Zhao X, Zhang W, Ji W
YB-1 promotes laryngeal squamous cell carcinoma progression by inducing miR-155 expression via c-Myb.
Future Oncol. 2018; 14(16):1579-1589 [PubMed] Related Publications
AIM: In this study, we investigated the role of Y-box binding protein-1 (YB-1), c-Myb and miR-155 in human laryngeal squamous cell carcinoma (LSCC) progression.
MATERIALS & METHODS: Quantitative real-time PCR, western blot, MTT and Transwell were conducted to determine the expression and function of YB-1/miR-155 pathway. Univariate and multivariate analyses were used to determine the prognostic factors.
RESULTS: Expression of YB-1, c-Myb and miR-155 was higher in LSCC tissues. YB-1 promoted proliferation, invasiveness and migration of Hep-2 cells in vitro. Patients with higher YB-1 correlated with advanced T stage, poor differentiation and cervical metastasis. LSCC patients with high YB-1 expression showed poor overall survival.
CONCLUSION: YB-1 promotes LSCC progression by increasing miR-155 levels via c-Myb and acts as a prognostic factor.

Ali MM, Akhade VS, Kosalai ST, et al.
PAN-cancer analysis of S-phase enriched lncRNAs identifies oncogenic drivers and biomarkers.
Nat Commun. 2018; 9(1):883 [PubMed] Free Access to Full Article Related Publications
Despite improvement in our understanding of long noncoding RNAs (lncRNAs) role in cancer, efforts to find clinically relevant cancer-associated lncRNAs are still lacking. Here, using nascent RNA capture sequencing, we identify 1145 temporally expressed S-phase-enriched lncRNAs. Among these, 570 lncRNAs show significant differential expression in at least one tumor type across TCGA data sets. Systematic clinical investigation of 14 Pan-Cancer data sets identified 633 independent prognostic markers. Silencing of the top differentially expressed and clinically relevant S-phase-enriched lncRNAs in several cancer models affects crucial cancer cell hallmarks. Mechanistic investigations on SCAT7 in multiple cancer types reveal that it interacts with hnRNPK/YBX1 complex and affects cancer cell hallmarks through the regulation of FGF/FGFR and its downstream PI3K/AKT and MAPK pathways. We also implement a LNA-antisense oligo-based strategy to treat cancer cell line and patient-derived tumor (PDX) xenografts. Thus, this study provides a comprehensive list of lncRNA-based oncogenic drivers with potential prognostic value.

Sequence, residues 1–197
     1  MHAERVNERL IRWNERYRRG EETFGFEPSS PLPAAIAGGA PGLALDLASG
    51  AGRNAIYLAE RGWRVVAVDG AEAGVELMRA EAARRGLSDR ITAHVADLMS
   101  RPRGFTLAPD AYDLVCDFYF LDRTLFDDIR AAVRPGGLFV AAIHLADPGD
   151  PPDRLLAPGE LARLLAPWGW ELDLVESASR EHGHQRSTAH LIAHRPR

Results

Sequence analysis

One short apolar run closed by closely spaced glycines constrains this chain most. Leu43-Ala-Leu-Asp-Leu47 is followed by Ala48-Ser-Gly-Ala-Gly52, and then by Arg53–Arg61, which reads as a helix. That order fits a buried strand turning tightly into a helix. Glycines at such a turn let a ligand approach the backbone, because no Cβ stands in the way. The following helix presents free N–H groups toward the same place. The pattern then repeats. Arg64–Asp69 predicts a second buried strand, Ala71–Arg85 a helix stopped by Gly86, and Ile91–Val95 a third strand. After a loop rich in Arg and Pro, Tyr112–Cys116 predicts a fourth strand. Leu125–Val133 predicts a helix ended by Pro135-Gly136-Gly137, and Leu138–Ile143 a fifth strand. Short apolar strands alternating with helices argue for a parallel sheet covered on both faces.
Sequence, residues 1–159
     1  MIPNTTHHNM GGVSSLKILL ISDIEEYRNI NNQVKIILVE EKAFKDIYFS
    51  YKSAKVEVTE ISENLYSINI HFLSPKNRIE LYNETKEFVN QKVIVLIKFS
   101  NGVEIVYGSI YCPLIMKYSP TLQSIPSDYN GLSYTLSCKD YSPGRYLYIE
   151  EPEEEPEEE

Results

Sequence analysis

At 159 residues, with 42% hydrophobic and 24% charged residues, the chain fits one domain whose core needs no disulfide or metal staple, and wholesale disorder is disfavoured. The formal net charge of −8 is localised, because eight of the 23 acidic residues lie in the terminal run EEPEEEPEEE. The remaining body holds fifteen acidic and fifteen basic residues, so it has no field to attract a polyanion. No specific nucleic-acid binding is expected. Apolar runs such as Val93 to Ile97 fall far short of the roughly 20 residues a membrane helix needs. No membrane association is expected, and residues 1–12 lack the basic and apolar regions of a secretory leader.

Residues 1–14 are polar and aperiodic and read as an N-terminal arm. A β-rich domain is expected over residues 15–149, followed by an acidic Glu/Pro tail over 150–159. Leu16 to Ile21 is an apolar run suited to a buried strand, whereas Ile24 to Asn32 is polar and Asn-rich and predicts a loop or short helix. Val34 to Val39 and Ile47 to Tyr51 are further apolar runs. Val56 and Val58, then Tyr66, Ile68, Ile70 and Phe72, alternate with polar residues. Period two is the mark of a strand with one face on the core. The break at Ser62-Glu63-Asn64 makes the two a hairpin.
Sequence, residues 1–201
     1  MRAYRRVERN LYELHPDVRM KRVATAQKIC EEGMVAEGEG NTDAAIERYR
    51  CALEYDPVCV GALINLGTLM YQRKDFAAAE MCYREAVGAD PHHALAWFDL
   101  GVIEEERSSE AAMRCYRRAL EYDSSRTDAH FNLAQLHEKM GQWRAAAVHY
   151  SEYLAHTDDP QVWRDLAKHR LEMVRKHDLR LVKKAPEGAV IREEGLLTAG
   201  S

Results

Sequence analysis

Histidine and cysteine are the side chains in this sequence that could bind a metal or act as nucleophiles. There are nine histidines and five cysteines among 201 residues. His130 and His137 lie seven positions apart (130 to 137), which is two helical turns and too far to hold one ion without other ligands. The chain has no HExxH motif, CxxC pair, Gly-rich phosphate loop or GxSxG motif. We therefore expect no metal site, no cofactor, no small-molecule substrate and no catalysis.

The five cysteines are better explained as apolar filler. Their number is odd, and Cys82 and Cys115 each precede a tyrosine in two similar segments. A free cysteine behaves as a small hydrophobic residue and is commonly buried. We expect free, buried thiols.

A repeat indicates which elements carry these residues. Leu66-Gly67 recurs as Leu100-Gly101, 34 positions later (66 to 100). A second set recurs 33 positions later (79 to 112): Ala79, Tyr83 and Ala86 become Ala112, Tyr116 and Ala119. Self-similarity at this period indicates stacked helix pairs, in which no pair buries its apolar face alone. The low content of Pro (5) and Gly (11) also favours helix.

El-Naggar AM, Sorensen PH
Translational control of aberrant stress responses as a hallmark of cancer.
J Pathol. 2018; 244(5):650-666 [PubMed] Related Publications
Altered mRNA translational control is emerging as a critical factor in cancer development and progression. Targeting specific elements of the translational machinery, such as mTORC1 or eIF4E, is emerging as a new strategy for innovative cancer therapy. While translation of most mRNAs takes place through cap-dependent mechanisms, a sub-population of cellular mRNA species, particularly stress-inducible mRNAs with highly structured 5'-UTR regions, are primarily translated through cap-independent mechanisms. Intriguingly, many of these mRNAs encode proteins that are involved in tumour cell adaptation to microenvironmental stress, and thus linked to aggressive behaviour including tumour invasion and metastasis. This necessitates a rigorous search for links between microenvironmental stress and aggressive tumour phenotypes. Under stress, cells block global protein synthesis to preserve energy while maintaining selective synthesis of proteins that support cell survival. One highly conserved mechanism to regulate protein synthesis under cell stress is to sequester mRNAs into cytosolic aggregates called stress granules (SGs), where their translation is silenced. SGs confer survival advantages and chemotherapeutic resistance to tumour cells under stress. Recently, it has been shown that genetically blocking SG formation dramatically reduces tumour invasive and metastatic capacity in vivo. Therefore, targeting SG formation might represent a potential treatment strategy to block cancer metastasis. Here, we present the critical link between selective mRNA translation, stress adaptation, SGs, and tumour progression. Further, we also explain how deciphering mechanisms of selective mRNA translation occurs under cell stress holds great promise for the identification of new targets in the treatment of cancer. Copyright © 2018 Pathological Society of Great Britain and Ireland. Published by John Wiley & Sons, Ltd.